The CEEC leaders go on to stress the importance for evangelicals of continuing to teach orthodox biblical sexual ethics, and say clearly that if the wider church continues to deviate from this, it will be necessary to find ways in which “visible differentiation” or formal distancing can occur between those who want to remain faithful to the apostolic deposit, and the Institution which is following a more liberal path. The paragraph on ‘visible differentiation’ helpfully gives latitude in not prescribing one particular form of distancing, but assumes that various forms of moving apart from the official structures will happen according to different circumstances and individual conscience, and calls for unity between those who make different decisions.

I have to admit that at the beginning of the year, as I attended the CEEC conference, I did not think it would be possible that a letter such as this could be produced. While all members of CEEC are in agreement about core doctrines including the sexuality questions, the January conference revealed significant differences over analysis of the current situation, and potential solutions. A number of more ‘pro-establishment’ members of CEEC may well feel that this letter does not speak for them in its pessimistic evaluation of the revisionist trajectory of the C of E, its commendation of and conscious alignment with Gafcon and the Global South, and its advocating of ‘differentiation’.

There have always been strong voices on the Council arguing that evangelicals can trust the orthodox historic formularies of the Church of England, and the current leadership, to avoid a revisionist trajectory. Many have been uncomfortable with any stance or tone appearing to be confrontational with the institution, for example appearing to be critical of the Archbishops or supportive of Gafcon, and have preferred to talk about the positive emphases which evangelicalism can offer the wider church (eg commitment to evangelism, contemporary worship, bible teaching) rather than risking being known ‘for what we are against’ – especially the potentially toxic brand of ‘anti-gay’.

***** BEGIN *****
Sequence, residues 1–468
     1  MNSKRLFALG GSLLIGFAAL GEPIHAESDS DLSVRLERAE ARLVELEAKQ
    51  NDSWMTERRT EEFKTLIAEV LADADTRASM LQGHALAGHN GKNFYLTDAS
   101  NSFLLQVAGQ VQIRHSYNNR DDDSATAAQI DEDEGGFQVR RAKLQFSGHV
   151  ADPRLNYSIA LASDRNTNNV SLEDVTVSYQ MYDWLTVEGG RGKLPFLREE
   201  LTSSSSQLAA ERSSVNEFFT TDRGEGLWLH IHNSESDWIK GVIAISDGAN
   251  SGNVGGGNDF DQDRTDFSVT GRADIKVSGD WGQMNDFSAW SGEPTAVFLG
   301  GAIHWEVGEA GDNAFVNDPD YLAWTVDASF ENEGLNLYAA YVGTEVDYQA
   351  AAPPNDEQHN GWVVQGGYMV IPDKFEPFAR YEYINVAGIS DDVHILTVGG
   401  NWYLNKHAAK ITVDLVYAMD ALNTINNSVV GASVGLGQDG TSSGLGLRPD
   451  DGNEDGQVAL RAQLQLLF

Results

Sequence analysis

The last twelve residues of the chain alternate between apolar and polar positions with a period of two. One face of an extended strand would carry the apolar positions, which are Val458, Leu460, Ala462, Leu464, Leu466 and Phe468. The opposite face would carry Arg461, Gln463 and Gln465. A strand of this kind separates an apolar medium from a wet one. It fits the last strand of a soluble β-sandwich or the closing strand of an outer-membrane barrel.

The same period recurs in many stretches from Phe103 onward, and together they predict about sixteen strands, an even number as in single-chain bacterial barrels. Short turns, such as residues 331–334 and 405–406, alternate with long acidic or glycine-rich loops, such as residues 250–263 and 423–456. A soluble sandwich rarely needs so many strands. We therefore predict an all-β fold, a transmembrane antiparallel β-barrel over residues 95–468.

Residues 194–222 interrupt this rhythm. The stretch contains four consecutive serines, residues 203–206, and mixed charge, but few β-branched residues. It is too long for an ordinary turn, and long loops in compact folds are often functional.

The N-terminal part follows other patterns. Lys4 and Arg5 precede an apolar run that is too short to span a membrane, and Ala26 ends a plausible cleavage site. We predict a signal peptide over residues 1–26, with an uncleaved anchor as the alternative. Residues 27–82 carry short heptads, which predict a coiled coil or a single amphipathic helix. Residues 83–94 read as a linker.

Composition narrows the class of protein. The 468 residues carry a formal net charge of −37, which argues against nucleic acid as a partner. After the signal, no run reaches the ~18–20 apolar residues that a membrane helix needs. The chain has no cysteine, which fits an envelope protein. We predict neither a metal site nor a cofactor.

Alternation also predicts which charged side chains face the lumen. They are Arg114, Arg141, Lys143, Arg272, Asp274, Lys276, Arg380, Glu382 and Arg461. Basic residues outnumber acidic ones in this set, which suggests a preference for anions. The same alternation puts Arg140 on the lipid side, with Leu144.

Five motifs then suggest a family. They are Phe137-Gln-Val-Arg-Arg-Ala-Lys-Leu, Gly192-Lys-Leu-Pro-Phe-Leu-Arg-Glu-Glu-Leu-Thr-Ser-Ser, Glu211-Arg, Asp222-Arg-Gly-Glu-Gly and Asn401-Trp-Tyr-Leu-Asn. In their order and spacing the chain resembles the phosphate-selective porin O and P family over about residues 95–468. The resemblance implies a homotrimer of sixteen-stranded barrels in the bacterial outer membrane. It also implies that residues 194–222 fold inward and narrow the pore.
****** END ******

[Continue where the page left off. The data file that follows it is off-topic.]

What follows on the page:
The letter demonstrates that for some senior CEEC leaders at least, things have changed in the wake of the July Synod. Many clergy now view this as a ‘crossing of the Rubicon’ moment where the Church’s governing body showed clearly that it is no longer interested in following Scripture, tradition and reason. It is particularly significant that a Diocesan Bishop, Julian Henderson of Blackburn, who is President of CEEC, should put his name to this letter so soon after voting for the ‘ban conversion therapy’ motion at Synod. The near unanimous Bishops’ bloc supporting such a clearly unreasonable motion suggests some kind of Parliamentary-style whip was in force to ensure the appearance of collegiality?